But like I said, Bolaño’s prose here is powerful and written from the backfield—in retrospect, I mean. And from that position, it surges forward, sentence running into sentence, pushing, driving, probing. Paragraphs hardly break. Dialogue is a series of colons (sometimes) without columns. Chile is getting somewhere and they’re getting there fast:
And Farewell: Have you been to Italy? And I: Yes. And Farewell: Everything falls apart, time devours everything, beginning with Chileans. And I: Yes. And Farewell: Do you know the stories of other popes? And I: All of them. And Farewell: What about Hadrian II? And I: Pope from 867 to 872, there’s an interesting story about him, when King Lothair II came to Italy, the pope asked him if he had gone back to sleeping with Waladra . . .
Chile scores again. And again.
There’s a parody of soccer you’ll all remember from The Simpsons:
Buarque writes like that, almost, a passing game with unexpected thrusts and he can shuffle his chapters in just such a way that the reader nods along, saying, “Ah, yes, I see what you did there. You’re skipping from location to location almost by chapter”:
And again, that’s the truth: when reading a good novel, the reader can marvel at the elegance of individual sentences, at the slow building of plot, at the construction of character. When reading a great novel, there are no sentences that aren’t a part of the whole, there’s no plot and there’s no character to admire—there’s a book. A great novel is not a house of cards, it’s a pleasure palace made of motherfucking gold. And while we mortals can aspire to the delicate work of writing something clever and wonderful and cunning, we cannot cause golden fucking palaces to spring into being. Not like Bolaño can. Shit, I’m supposed to be making sports metaphors. Who’s good? Buarque is a world-class writer, a Suárez chomping at the shoulders of great players. Bolaño is fucking Pelé-Beckham-Ronaldinho. He’s the Galloping Ghost, His Airness, the Big Kahuna, the Sultan of Swat, and the Great One all rolled up.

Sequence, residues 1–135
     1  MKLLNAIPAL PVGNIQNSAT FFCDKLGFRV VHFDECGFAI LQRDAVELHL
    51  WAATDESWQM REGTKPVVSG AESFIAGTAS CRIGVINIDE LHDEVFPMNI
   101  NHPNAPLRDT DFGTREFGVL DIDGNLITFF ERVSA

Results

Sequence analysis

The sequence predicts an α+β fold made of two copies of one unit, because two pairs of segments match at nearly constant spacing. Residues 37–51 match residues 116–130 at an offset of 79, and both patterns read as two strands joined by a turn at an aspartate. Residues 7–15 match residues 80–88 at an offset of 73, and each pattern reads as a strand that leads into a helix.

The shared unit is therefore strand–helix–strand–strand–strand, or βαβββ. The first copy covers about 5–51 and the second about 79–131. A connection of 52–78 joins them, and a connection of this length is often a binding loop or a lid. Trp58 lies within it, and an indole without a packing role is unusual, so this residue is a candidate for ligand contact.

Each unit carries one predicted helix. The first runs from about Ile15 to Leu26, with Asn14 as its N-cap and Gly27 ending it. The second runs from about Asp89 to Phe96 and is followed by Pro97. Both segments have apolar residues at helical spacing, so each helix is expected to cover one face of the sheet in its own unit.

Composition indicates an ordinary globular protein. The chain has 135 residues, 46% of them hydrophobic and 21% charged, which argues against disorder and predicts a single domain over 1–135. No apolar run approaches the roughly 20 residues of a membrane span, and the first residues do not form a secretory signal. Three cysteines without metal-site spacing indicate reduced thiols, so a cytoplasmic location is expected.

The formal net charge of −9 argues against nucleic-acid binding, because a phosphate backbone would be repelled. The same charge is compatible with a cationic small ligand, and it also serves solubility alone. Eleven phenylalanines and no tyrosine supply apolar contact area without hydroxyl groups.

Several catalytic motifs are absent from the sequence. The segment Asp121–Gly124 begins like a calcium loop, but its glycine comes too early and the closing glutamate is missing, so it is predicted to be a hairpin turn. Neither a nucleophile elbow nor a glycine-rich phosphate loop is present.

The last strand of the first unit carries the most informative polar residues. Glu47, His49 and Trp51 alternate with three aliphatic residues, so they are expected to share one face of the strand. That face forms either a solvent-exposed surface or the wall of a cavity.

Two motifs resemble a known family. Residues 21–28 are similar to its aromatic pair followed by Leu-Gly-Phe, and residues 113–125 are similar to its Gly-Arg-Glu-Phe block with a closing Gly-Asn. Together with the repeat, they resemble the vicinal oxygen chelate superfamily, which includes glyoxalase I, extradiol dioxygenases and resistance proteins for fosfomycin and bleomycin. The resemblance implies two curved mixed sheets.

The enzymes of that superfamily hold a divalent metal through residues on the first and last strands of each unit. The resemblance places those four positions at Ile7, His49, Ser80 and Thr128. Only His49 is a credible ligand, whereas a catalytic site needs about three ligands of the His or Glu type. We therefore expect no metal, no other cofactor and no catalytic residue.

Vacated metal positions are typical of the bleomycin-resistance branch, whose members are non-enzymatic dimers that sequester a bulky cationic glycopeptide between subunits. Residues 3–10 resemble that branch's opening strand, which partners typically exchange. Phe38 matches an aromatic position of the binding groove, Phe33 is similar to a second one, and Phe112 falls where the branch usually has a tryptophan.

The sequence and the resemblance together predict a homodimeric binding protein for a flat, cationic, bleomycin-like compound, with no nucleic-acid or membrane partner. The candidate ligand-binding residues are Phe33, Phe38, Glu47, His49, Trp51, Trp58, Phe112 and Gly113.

What I’m trying to say is Chile over Brazil, 3-1. Buarque’s Budapest is a book to love. I feel as though it has been written for me, but By Night in Chile was written for the ages.
To quote the last line in Bolaño’s book: “And then the storm of shit begins.”
Jeff Waxman recently left Chicago—and 57th Street Books—to work at Other Press. He’s a funny guy.
Randall Jarrell once argued a point that I will now paraphrase and, in doing so, over-simplify: As a culture, we need book criticism, not book reviews. I sort of agree, but let’s not get into all of that. Having finished. . .
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“Rambling Jack—what’s that?”
“A novel. Novella, I guess.”
“Yeah, it looks short. What is it, a hundred pages?”
“Sorta. It’s a duel language book, so really, only about… 50 pages total.”
“And this—what. . .
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In Josep Maria de Sagarra’s Private Life, a man harangues his friend about literature while walking through Barcelona at night:
When a novel states a fact that ties into another fact and another and another, as the chain goes on. . .
César Aira dishes up an imaginative parable on how identity shapes our sense of belonging with Dinner, his latest release in English. Aira’s narrator (who, appropriately, remains nameless) is a self-pitying, bitter man—in his late fifties, living again with. . .